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An official publication of the Middle-Eastern Association for Cancer Research
Clinical Cancer Investigation Journal
ISSN Print: 2278-1668, Online: 2278-0513
ARTICLE
Year: 2021   |   Volume: 10   |   Issue: 3   |   Page: 102-107     View issue
Human papillomavirus in oral squamous cell carcinoma: An institutional study
Vidya Ajila, Subhas Babu, Veena Shetty, Pushparaj Shetty, Devananda Devegowda, Pushkal Ramesh, Srikant Natarajan

Background: Human papillomavirus (HPV) is associated with the etiology of oropharyngeal squamous cell carcinomas. Despite the high proportion of oral squamous cell carcinomas (OSCC) in India, there only a few studies on the HPV status. The present study evaluated the HPV status of OSCC and its association with age, site, and tobacco habits. Methods: A total of 60 formalin-fixed paraffin-embedded tissues were included in the study, of which 30 were cases with OSCC and 30 formed the control group. The study group consisted of 30 subjects with primary, untreated, histologically confirmed cases of OSCC. The tissues were evaluated for the presence of HPV DNA using conventional polymerase chain reaction. Tissues which tested positive for HPV were further tested for HPV 16 and HPV 18. Results: In the study group, 83% were males and 17% were females with an average age of 58 years. The commonest sites of OSCC were the alveolus, alveologingival sulcus, and tongue. All subjects except one had tobacco habit. Among OSCC cases, 16.7% tested positive for HPV and controls were positive in 3.3% samples. HPV 16 was the most common HPV type detected in 60% of HPV-positive OSCC cases, while HPV 18 was present in 20%. Tobacco habits were present in 80% of the HPV-positive cases, while no habit history was reported in 20% of cases. Conclusion: Tobacco habits such as smoking and use of smokeless tobacco are found predominantly in OSCC and are the most common etiological factors. The present study found a prevalence of 16.7% of HPV-associated OSCC, with most cases also having tobacco habits. Thus, HPV as an etiological factor in OSCC is confounded by the presence of tobacco-associated risk factors.

Human papillomavirus, oral squamous cell carcinoma, polymerase chain reaction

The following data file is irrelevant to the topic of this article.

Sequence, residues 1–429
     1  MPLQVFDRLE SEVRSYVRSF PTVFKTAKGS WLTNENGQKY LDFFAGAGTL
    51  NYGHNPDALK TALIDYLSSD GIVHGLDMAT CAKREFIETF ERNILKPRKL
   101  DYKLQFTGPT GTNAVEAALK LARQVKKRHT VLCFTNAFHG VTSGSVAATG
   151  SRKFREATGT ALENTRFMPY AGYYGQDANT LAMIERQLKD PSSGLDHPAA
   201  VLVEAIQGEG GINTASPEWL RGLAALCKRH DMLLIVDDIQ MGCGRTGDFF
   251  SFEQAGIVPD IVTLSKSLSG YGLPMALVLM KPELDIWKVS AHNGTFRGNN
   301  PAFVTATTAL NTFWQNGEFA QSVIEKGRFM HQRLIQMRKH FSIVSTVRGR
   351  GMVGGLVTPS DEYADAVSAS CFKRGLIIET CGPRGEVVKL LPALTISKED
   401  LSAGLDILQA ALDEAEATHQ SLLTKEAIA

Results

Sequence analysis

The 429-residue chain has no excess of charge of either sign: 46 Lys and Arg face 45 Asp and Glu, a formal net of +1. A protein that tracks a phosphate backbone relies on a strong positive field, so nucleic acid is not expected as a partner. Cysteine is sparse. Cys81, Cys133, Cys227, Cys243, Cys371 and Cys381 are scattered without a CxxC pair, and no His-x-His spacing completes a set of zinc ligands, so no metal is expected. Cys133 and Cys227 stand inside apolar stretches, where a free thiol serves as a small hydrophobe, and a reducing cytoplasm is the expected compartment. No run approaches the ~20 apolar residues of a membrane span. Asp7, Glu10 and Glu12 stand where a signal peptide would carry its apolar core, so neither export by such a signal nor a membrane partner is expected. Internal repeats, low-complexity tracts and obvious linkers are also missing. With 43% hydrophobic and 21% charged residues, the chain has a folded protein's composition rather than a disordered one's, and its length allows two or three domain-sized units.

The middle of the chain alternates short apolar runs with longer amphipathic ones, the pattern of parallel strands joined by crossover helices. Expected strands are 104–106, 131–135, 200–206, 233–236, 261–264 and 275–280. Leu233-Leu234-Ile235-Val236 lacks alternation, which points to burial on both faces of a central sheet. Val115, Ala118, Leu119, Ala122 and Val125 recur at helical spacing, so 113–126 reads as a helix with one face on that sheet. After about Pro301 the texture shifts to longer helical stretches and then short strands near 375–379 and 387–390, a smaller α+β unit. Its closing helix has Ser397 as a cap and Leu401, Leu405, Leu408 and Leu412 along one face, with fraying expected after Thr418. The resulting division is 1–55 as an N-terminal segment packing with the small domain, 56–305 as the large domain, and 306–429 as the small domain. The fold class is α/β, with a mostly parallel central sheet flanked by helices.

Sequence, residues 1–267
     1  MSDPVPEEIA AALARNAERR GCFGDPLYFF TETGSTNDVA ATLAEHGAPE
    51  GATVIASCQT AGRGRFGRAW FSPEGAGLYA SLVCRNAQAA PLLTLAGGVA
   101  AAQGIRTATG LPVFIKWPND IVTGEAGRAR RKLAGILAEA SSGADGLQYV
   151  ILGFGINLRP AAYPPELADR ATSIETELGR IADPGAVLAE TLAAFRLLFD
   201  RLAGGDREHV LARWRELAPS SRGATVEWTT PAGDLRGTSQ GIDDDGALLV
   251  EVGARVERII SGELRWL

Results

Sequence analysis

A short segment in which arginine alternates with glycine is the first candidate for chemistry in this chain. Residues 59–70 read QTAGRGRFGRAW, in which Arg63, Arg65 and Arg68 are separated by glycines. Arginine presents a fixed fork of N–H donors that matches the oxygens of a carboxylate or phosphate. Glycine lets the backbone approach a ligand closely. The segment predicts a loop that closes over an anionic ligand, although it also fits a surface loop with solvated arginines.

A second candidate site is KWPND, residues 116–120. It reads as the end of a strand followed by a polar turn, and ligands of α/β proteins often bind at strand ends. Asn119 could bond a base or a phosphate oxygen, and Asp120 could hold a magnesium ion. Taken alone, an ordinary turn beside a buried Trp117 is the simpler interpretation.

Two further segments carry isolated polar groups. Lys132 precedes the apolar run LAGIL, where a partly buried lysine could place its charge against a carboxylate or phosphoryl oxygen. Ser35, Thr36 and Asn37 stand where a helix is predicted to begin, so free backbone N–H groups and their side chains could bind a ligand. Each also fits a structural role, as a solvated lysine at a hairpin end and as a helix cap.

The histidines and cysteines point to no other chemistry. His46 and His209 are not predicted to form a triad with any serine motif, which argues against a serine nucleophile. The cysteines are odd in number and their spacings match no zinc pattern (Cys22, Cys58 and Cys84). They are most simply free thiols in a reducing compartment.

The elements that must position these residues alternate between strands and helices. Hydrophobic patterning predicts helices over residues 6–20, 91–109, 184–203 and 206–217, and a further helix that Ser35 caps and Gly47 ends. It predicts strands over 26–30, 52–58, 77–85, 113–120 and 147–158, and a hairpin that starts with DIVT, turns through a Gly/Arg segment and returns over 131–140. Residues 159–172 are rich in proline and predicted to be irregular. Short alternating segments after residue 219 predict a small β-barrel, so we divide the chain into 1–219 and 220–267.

Introduction

Human papillomavirus (HPV) is associated predominantly with oropharyngeal malignancies. However, studies have shown an association between oral squamous cell carcinomas (OSCC) and HPV.[1] Of the various studies conducted in India, the prevalence of HPV differs from region to region with an approximate incidence of 38% in head-and-neck squamous cell carcinoma (HNSCC).[1],[2],[3] This may be due to variation in sample collection and diagnostic methods.[2],[4] In India, OSCC is commonly associated with the use of tobacco and tobacco-related products. Clinically, it is important to diagnose HPV-positive tumors as they are associated with better prognosis. If the association between HPV and OSCC is proved, there is a potential for prevention using vaccination.[2] Studies have shown that HPV 16 and HPV 18 are the high-risk (HR) subtypes commonly associated with HNSCC.

Our study aimed to determine the HPV status and risk factors in OSCC subjects in the coastal population of Southwest India.

Methods

Sixty formalin-fixed paraffin-embedded tissues (FFPE) were included in the present study, of which thirty included cases with OSCC and 30 samples from healthy individuals formed the control group. Ethical clearance was obtained from the Institutional Ethics Committee.

Demographic data of the subjects were collected. The study group consisted of 30 subjects with primary, untreated, histologically confirmed cases of OSCC. Subjects with recurrent malignancies, nasal, nasopharyngeal, thyroid, and salivary gland malignancy were excluded.

Methodology

DNA extraction from formalin-fixed paraffin-embedded tissue blocks